NUS Museum presents a new collaboration with artist Wei Leng Tay, who works with the language of the documentary format in photography, video, audio and interviews. Crossings circuits around circumstances of diaspora and identity that emerged from Wei Leng Tay’s previous exhibition “Discordant Symmetries” (2010) in NUS Baba House. The exhibition is a four-part iteration of Wei Leng Tay’s research and photographic project from 2014-2018 that spans histories of migrant individuals from different generations and backgrounds in Pakistan, Hong Kong and Singapore. Housed in the Archaeology Library in the NUS Museum, these installations are multi-lingual and polyvocal fragments that capture the vagaries in ideas of agency, nation and relationships implicit in moving between places of home. The individuals that the artist resonated with reflect on inherited (im)mobilities that are consequential to particular moments of nation-building.
About the artist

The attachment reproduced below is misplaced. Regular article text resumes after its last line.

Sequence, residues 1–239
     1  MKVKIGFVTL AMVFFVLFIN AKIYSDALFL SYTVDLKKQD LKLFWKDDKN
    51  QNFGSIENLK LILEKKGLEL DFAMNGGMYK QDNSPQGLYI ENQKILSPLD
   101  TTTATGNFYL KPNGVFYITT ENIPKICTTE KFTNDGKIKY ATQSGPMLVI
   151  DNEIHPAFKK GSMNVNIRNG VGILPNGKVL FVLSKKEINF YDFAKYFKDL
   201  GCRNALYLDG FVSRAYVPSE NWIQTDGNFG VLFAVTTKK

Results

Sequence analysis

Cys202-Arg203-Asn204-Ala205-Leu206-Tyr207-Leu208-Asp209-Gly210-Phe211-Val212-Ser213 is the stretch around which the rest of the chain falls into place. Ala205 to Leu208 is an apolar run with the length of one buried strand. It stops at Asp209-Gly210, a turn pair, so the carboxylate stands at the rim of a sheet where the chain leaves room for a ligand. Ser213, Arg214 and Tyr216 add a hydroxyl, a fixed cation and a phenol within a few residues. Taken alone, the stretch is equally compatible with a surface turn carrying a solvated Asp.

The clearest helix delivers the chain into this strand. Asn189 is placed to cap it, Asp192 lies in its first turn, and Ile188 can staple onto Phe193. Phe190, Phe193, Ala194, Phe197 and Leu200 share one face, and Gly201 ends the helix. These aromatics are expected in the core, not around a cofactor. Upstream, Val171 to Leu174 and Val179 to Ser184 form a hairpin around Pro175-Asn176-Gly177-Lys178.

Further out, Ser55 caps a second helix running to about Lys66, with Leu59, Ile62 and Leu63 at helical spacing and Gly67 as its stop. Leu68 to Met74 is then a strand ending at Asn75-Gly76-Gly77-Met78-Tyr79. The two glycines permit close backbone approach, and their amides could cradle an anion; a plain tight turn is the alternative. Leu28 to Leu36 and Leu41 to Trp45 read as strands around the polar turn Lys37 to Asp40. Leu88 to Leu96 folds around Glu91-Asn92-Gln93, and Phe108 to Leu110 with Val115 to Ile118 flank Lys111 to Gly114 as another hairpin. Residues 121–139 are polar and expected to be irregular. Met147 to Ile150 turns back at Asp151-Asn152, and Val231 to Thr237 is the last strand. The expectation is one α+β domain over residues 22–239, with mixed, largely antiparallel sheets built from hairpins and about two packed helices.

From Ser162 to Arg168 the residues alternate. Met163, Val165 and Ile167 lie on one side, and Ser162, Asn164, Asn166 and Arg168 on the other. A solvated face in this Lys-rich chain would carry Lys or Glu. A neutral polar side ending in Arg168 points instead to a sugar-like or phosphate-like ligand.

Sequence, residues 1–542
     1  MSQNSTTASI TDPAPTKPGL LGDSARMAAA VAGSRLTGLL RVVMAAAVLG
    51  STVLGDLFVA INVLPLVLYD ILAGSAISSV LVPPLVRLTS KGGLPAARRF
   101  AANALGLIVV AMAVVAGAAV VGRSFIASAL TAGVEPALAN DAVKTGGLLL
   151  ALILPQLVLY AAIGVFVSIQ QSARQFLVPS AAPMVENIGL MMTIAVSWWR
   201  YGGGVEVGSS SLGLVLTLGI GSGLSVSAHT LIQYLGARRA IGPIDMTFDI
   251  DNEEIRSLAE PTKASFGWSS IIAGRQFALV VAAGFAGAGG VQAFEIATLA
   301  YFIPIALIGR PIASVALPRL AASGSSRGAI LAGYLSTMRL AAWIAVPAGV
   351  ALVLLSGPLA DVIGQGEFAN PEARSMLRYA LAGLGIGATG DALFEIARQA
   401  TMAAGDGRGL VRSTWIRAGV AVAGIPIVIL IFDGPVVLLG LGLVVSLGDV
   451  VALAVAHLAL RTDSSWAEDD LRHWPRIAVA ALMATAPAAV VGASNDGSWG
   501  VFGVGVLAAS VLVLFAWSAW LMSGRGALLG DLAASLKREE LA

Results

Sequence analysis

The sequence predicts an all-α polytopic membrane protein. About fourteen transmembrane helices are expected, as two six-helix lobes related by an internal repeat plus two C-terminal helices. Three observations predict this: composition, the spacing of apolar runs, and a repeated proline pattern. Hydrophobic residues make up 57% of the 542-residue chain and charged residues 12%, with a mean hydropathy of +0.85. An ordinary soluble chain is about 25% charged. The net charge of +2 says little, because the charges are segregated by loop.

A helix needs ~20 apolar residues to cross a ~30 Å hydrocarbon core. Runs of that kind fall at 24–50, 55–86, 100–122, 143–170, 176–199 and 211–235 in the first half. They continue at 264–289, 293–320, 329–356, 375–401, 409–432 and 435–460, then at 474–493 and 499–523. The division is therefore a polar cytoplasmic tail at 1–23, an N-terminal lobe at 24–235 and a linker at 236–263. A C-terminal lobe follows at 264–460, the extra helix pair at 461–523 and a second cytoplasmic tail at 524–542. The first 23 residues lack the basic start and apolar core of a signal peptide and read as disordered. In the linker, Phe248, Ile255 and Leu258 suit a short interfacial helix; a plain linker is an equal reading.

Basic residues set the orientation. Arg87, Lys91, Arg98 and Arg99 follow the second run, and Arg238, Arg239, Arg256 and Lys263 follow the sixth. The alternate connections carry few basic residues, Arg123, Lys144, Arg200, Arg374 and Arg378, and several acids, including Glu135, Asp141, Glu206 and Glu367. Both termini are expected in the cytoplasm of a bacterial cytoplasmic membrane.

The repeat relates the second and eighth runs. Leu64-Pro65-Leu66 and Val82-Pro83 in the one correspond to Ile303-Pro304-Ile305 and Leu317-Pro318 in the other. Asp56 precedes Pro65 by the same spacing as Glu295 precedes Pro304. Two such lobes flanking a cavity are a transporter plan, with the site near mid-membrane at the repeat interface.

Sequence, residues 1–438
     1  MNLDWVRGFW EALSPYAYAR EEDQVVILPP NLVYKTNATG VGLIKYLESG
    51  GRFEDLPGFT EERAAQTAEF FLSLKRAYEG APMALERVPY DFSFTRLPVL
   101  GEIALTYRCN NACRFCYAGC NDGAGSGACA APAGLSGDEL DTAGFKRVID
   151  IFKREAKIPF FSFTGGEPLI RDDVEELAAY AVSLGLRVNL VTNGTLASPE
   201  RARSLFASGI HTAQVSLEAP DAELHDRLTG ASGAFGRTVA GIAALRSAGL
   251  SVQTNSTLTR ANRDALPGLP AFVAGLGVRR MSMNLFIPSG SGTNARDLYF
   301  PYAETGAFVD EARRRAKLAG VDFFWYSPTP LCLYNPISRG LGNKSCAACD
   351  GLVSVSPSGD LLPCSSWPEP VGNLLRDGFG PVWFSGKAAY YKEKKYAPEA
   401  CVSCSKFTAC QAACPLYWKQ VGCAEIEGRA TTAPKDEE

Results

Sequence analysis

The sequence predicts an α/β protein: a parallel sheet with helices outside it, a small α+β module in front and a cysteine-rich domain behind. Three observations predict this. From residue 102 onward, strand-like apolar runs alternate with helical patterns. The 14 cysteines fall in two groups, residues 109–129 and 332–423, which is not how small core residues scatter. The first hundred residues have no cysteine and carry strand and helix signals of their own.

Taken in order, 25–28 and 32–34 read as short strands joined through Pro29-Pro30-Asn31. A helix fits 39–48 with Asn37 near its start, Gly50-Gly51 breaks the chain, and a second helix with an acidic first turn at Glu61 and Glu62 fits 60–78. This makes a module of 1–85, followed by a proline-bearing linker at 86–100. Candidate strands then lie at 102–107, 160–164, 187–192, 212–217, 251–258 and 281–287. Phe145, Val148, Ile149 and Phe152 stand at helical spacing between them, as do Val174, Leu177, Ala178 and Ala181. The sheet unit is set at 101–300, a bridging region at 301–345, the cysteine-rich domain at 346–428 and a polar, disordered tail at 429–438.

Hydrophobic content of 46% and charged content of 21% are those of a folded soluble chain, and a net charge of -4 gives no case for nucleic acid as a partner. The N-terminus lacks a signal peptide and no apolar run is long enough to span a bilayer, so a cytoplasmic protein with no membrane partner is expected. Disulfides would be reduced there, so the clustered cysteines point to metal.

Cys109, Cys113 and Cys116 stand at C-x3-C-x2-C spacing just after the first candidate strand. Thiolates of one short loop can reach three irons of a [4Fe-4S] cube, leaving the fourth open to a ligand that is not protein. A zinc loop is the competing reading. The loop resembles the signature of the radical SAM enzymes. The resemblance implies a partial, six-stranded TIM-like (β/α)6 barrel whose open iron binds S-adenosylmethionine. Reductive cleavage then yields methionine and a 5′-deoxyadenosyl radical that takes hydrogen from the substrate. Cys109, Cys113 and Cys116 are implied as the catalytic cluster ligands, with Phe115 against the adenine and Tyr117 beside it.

Wei Leng Tay is an artist working with photography, audio, and video that are made into installations and prints. Her process begins with conversations and interactions with people she meets, which inform the images and forms the projects take. Her works are usually based on how desires, personal relationships and histories are tied to family, society, and the state, and migration. Tay also uses formal strategies in the installations, the relationships between the visual and audio, and bodily experiences in encounters with the works to bring out cognitive and affective ways to experience the themes explored. Tay has exhibited at spaces such as ARTER Space for Art, Istanbul, Tokyo Metropolitan Museum of Photography, the Bangkok Art and Culture Centre, Cemeti Art House, Yogyakarta, Selasar Sunaryo Art Space, Bandung, and Center for Contemporary Art Prishtina, and in festivals such as the Daegu Photo Biennale, South Korea, the Asian Art Biennale, Taiwan, and Noorderlicht International Photofestival, the Netherlands. Her works are part of the permanent collections of the Fukuoka Asian Art Museum, NUS Museum, Singapore, Hong Kong Heritage Museum, National Taiwan Museum of Fine Art, and the Kiyosato Museum of Photographic Arts, Japan.